Characteristics of an Engaged Parish
In their November, 2007, edition of "Parish Newsletter," Fr. Tom Sweetser, SJ, and Sr. Peg Bishop, OSF, of the Parish Evaluation Project discuss what it means to be an "engaged" parish. The following is quoted and used with their permission. Please go to the Parish Evaluation Project website to see more.
They begin by quoting Albert L. Winseman's book, Growing an Engaged Church: How to Stop "Doing Church" and Start Being the Church Again:
Most church leaders confuse involvement with engagement. They believe the conventional wisdom: The way to get new members to really connect with their new church is to get them involved in something – anything! But involvement is not engagement. Involvement is what you do in and for your church; engagement is how you feel about your church. (p. 28)Emotional Connections:
Connecting with a parish, according to Winseman, is centered around four aspects:
- Life Satisfaction. Those who have an emotional connection with a parish are better able to cope with their own problems, losses, and difficulties.
- Inviting. They feel personally invited into the life of the community. As a result, they reach out to others and invite them in, whether family members, friends or co-workers. They have a sense of pride in the parish and want to share it with others.
- Serving Others. Those who are emotionally engaged are reaching out in service to others, either joining parish ministries or other groups.
- Giving. Finally, they chip in and financially support the parish, giving freely to the parish’s projects and programs.
A Checklist for Engagement:
The book includes a list of indicators that help people become more engaged and emotionally committed (p. 81-82). Sr. Peg and Fr. Tom have paraphrased the list to make it applicable to a Catholic situation:
- I know what is expected of me as a member of this parish. (In their April, 2007 Newsletter, Fr. Tom and Sr. Peg offered a job description for parishioners that included signing up, attending, joining in, and contributing.)
- My spiritual needs are being met. In a Catholic parish this means offering a variety of prayer experiences, faith enrichment, community-building and outreach opportunities.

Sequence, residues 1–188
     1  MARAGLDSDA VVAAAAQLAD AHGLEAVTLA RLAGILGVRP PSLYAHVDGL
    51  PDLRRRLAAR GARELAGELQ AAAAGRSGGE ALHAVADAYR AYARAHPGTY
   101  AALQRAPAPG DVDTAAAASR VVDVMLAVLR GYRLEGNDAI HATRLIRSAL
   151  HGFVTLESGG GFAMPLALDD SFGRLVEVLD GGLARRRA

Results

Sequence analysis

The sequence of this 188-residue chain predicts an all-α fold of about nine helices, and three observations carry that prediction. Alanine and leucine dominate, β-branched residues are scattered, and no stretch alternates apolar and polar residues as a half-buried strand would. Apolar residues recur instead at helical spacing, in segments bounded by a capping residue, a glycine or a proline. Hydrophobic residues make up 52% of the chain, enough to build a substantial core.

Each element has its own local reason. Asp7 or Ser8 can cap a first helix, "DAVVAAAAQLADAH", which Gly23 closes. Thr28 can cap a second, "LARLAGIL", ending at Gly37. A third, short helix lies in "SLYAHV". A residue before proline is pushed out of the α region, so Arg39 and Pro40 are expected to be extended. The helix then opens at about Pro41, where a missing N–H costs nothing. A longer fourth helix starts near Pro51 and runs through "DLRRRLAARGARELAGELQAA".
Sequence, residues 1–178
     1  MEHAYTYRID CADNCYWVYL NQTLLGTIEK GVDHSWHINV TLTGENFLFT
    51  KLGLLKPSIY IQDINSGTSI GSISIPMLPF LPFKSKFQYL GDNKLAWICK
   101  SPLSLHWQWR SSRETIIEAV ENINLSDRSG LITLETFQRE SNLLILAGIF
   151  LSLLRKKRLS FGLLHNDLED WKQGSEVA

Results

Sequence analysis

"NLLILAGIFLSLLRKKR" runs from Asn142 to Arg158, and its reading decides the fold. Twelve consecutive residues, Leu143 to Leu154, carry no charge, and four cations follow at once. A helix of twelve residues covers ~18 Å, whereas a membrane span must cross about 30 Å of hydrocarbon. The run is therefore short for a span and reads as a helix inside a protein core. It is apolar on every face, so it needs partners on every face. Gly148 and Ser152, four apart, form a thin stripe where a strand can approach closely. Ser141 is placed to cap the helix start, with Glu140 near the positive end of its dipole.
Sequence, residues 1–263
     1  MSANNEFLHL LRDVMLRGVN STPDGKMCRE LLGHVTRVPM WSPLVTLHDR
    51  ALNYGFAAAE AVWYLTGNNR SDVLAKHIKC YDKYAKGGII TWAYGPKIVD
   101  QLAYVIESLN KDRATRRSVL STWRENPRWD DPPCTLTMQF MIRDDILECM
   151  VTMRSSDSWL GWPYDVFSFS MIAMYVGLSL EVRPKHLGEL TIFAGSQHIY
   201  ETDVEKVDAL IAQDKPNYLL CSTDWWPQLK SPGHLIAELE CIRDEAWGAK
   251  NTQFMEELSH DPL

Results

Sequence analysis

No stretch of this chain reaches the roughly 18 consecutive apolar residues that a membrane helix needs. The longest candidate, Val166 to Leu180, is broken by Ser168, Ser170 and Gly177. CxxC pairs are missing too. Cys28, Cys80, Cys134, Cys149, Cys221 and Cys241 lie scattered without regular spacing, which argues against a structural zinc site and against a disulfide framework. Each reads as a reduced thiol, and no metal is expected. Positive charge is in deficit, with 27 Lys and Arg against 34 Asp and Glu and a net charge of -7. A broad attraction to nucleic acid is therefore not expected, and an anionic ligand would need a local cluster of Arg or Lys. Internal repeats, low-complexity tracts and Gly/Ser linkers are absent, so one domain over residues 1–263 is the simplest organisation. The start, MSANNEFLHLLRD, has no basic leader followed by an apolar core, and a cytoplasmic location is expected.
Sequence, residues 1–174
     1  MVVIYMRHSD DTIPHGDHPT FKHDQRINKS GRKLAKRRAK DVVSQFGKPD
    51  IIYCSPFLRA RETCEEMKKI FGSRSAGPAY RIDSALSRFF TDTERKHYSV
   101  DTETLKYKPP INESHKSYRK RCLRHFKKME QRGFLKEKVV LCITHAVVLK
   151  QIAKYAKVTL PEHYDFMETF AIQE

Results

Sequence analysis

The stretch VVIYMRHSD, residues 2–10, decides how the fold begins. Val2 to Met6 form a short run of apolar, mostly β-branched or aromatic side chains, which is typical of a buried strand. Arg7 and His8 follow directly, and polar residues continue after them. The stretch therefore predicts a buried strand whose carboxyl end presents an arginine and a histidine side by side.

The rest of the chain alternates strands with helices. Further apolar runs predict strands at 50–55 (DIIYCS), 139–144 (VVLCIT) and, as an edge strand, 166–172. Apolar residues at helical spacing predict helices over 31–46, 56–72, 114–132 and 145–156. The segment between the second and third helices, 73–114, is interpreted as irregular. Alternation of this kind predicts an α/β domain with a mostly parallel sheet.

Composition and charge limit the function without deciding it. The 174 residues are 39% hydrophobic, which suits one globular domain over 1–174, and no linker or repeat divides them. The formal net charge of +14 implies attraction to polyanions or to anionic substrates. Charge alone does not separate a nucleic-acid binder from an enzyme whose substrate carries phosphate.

- I have a chance to do what I do best. Instead of just filling slots, people can choose something they enjoy, that fits their abilities, energies, time-requirements and inclinations.
- I regularly receive recognition and praise from someone in my parish. On a monthly basis, in other words, someone in leadership says thanks for what people are doing.
- The pastor and staff seem to care about me as person. This is best done when people come into church or attend a parish event; they are given a warm and genuine welcome.
- There is someone in my parish who encourages my spiritual development. Attending Mass is not enough. Parishioners need to be given helps in how to pray, read the bible, act morally, reach out to others.
- My opinions seem to count in my parish. If any change, addition or new direction is being contemplated, parishioners have an opportunity to share their ideas, insights and reactions.
- The mission or purpose of my parish makes me feel my participation is important.
- Other members of my parish are committed to spiritual growth. Parishioners – pastor, staff and leaders include – are providing good modeling to one another of what it means to be a faithful Christian.
- Aside from my family, I have a best friend in my parish. Relationship-building is a key element for furthering engagement and emotional commitment.
- I have opportunities in my parish to learn and grow in my faith. This is best done in small groups, whether bible study, discussion groups or breakout sessions.
For more information, contact Fr. Tom Sweetser, SJ, or Sr. Peg Bishop, OSF, at pepparish [at] pepparish [dot] org, or see their website at www.pepparish.org.